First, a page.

Because salmon populations are artificially maintained or supplemented by hatchery stocking, the potential for predator–prey imbalance has been a concern for researchers since the early 1980s. Such an imbalance finally occurred in 2003 when the alewife population collapsed in Lake Huron.

However, the cause of this collapse is complicated. Since the late 1980s, prey fishes such as alewives and rainbow smelt had been experiencing increased predation pressure and a food shortage. Consumptive demands by salmon species first increased due to rises in stocking in the 1980s and then jumped sharply with natural reproduction of Chinook salmon in the 1990s. On the other hand, the production of algae at the base of lake food webs decreased because of feeding by invasive quagga mussels and reduction in nutrients after abatement programs initiated in the 1970s.

The year 2003 is unique in the ecological history of Lake Huron. It is the year when quagga mussels were first found, in significant amounts, in the deep part of the lake. It is also the year when there was a historical low of the nutrient inputs from agricultural and municipal sources. Since then, quagga mussels have been expanding while nutrient inputs have stayed at similar low levels.

While Chinook salmon fisheries collapsed in Lake Huron following the collapse of alewife population, estimates for sport angler harvests of Chinook salmon were close to a historical high in Lakes Michigan and Ontario during 2005–2008, despite increases in consumptive demand by salmon, expansion of quagga mussels, and a reduction in nutrients.

Nevertheless, according to our study, there is a clear warning signal for Chinook salmon fisheries in Lakes Michigan and Ontario. Chinook salmon have feed almost 100 percent on alewives in recent years.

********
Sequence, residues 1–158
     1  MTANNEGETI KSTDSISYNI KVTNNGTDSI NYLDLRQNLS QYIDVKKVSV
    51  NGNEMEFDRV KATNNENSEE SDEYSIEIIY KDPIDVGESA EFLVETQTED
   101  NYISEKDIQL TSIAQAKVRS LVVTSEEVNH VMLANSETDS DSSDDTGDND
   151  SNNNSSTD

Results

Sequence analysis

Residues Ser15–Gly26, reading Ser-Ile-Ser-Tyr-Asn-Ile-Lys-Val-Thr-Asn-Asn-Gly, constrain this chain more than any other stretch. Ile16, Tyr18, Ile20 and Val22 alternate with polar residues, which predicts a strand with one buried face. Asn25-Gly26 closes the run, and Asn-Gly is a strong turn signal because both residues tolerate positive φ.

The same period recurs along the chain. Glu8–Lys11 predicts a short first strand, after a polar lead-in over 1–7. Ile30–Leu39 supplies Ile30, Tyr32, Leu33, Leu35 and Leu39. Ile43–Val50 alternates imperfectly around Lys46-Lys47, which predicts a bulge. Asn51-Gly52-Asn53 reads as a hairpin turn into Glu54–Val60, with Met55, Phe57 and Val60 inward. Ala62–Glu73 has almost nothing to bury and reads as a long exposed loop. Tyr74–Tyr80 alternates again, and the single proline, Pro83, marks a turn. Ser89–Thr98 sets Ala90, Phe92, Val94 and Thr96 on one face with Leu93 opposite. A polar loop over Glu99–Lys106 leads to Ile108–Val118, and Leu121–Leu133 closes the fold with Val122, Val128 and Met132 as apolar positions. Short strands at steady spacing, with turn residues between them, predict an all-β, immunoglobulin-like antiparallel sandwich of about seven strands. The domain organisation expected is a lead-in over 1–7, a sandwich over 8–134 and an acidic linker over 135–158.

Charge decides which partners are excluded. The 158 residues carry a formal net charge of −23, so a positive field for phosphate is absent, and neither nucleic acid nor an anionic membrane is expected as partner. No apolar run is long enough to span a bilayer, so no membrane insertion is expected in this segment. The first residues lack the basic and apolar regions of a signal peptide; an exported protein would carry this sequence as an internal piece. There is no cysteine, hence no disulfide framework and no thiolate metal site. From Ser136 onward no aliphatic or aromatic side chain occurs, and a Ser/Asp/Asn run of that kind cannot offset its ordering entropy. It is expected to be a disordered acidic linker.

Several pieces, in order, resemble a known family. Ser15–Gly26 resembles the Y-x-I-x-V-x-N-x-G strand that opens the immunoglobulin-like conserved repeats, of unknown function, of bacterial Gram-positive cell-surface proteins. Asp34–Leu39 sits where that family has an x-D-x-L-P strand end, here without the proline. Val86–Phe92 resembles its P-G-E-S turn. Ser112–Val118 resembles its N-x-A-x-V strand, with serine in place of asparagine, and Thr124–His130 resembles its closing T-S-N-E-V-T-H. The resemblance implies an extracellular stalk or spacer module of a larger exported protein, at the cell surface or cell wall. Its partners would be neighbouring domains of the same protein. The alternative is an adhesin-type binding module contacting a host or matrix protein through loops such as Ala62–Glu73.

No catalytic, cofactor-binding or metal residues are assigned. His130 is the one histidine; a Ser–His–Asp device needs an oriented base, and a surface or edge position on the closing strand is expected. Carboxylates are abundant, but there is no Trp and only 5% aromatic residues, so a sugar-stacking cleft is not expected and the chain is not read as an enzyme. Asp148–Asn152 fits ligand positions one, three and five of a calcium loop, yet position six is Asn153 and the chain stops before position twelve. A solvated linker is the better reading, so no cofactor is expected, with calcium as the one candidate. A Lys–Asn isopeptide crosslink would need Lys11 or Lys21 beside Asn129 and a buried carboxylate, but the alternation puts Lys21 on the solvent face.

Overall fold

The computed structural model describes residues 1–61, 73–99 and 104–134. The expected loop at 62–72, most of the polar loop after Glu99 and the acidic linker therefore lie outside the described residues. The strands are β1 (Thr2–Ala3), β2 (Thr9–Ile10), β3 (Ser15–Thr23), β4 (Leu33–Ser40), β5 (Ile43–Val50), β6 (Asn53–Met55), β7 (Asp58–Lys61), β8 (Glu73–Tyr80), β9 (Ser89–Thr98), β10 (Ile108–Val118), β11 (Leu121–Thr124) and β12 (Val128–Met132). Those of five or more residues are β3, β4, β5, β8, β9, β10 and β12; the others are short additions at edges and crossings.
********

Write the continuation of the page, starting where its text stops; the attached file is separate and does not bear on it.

Before the 21st century, Chinook salmon feed on both alewives and rainbow smelt. Rainbow smelt have continuously decreased since the 1990s because they are more vulnerable than alewives to food shortage caused by nutrient reduction and quagga mussel expansion. If the condition of Lake Huron after 2003 occurs in Lakes Michigan and Ontario, alewife populations in these two lakes will likely collapse, as well as Chinook salmon fisheries.

With ongoing changes in the Great Lakes, it will be more and more costly to maintain Chinook salmon fisheries. We have observed decreases in the alewife population and Chinook salmon harvests in Lake Michigan since 2010 despite the same, if not higher, level of managing efforts. On the other hand, harvests on native species like lake trout and walleye, which are better adapted to a food web without alewives, increased drastically in Lake Huron in recent years.

Now is the time, in my opinion, to rethink our fisheries management strategies for the Great Lakes.

alewives annual bottom trawl sampling
Alewife sampling during an annual bottom trawl survey. Credit: Tim O’Brien